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Human Biology and Ecology: Variation in Nature and the Nature of Variation

Citation

Leslie, Paul W. & Little, Michael A. (2003). Human Biology and Ecology: Variation in Nature and the Nature of Variation. American Anthropologist, 105(1), 28-37.

Abstract

Human biology seeks to understand human variation and the biological, environmental, social, and historical influences on that variation. Views of the nature of both variation and environment have changed during the past 100 years. Typological approaches to nature and human diversity shifted to an evolutionary perspective during the first half of the 20th century. In the second half, widespread human biological variation was documented and interpreted in terms of adaptation to the environment. Environmental physiology and reproductive ecology continue to document environmental influences on human biological functioning, but with (1) an expanded concept of environment that acknowledges more fully the interactions among its physical, biotic, and social aspects and (2) an expanded theoretical basis, drawing on evolutionary ecology and life history theory, acknowledging tradeoffs and changing constraints and opportunities over the lifetime. Human biology gains from greater interaction with other fields, such as political ecology, but also contributes to them.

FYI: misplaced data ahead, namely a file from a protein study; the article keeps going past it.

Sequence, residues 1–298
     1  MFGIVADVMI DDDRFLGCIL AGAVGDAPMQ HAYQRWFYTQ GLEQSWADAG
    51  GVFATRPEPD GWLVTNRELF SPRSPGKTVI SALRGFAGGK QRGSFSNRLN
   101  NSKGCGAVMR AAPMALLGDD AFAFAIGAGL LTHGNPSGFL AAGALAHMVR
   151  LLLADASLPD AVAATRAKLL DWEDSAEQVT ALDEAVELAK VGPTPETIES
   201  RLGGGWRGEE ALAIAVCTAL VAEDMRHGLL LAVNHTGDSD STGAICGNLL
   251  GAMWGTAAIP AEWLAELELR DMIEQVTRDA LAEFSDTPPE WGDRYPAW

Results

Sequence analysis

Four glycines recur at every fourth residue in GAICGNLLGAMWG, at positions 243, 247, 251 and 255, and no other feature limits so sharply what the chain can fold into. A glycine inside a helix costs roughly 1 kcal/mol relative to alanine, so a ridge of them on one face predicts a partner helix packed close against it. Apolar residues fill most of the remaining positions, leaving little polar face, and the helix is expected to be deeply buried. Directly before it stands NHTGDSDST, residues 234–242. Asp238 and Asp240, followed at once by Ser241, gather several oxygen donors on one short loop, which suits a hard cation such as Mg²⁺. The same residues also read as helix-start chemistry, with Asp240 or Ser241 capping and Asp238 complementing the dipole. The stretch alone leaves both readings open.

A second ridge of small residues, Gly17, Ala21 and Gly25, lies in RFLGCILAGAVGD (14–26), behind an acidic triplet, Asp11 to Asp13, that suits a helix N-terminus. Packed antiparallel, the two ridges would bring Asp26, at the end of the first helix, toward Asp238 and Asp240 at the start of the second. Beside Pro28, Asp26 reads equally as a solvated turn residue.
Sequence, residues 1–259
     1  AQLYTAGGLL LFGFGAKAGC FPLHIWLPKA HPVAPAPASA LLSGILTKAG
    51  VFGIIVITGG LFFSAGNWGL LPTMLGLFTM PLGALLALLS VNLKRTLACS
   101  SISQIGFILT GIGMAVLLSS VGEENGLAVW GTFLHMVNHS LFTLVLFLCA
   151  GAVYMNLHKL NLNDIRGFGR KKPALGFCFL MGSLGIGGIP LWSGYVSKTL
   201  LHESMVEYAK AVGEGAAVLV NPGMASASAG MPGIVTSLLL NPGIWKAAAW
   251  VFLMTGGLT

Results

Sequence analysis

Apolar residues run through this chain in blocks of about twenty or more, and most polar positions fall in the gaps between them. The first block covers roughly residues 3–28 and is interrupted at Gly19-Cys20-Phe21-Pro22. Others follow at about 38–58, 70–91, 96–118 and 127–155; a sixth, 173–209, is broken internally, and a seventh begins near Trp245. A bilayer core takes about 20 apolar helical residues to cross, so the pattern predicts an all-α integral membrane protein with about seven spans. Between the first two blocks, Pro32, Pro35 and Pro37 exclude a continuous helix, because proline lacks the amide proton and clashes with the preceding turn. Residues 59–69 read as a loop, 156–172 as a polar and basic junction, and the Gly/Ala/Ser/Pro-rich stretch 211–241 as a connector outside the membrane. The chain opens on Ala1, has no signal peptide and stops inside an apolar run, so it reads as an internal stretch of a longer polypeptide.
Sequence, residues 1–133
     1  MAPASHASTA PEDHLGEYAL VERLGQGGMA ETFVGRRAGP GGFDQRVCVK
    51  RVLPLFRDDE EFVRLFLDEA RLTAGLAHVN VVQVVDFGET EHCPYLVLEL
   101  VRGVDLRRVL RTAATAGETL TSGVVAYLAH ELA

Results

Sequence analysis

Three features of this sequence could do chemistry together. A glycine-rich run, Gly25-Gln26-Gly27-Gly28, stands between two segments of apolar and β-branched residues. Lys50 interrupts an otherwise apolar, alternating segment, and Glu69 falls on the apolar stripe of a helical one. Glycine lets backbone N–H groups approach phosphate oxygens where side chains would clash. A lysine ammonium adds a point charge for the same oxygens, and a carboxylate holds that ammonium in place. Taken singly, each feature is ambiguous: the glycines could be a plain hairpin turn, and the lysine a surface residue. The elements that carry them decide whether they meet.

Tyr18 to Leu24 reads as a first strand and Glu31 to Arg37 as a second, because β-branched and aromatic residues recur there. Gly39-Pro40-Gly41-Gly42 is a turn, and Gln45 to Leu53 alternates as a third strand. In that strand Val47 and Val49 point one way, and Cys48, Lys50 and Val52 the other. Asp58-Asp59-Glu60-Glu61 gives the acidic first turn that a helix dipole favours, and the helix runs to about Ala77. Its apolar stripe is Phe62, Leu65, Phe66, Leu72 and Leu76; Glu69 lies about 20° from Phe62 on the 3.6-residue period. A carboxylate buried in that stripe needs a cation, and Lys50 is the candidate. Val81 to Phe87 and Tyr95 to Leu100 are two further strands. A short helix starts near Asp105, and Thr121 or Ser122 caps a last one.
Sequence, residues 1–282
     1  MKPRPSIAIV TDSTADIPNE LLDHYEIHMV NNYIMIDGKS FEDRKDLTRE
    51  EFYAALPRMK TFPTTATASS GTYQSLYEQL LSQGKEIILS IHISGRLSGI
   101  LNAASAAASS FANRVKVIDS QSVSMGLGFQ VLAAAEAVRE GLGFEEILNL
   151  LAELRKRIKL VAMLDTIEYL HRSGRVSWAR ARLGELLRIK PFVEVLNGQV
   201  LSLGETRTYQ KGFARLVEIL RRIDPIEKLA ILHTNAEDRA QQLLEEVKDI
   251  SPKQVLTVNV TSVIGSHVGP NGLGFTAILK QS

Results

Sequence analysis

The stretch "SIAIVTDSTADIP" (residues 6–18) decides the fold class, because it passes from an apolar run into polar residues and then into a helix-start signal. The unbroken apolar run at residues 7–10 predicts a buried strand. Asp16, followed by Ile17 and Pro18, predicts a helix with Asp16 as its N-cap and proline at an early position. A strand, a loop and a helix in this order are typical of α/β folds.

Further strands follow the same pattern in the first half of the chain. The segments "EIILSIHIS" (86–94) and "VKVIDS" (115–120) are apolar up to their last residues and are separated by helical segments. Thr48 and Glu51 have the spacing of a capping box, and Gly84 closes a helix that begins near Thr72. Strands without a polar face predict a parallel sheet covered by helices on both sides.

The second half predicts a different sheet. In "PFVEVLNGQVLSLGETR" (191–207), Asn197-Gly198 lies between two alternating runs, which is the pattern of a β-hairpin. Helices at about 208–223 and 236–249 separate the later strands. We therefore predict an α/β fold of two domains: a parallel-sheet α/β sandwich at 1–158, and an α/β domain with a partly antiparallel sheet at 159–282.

URL

http://www.jstor.org/stable/3567311

Reference Type

Journal Article

Journal Title

American Anthropologist

Author(s)

Leslie, Paul W.
Little, Michael A.

Year Published

2003

Volume Number

105

Issue Number

1

Pages

28-37

Reference ID

2026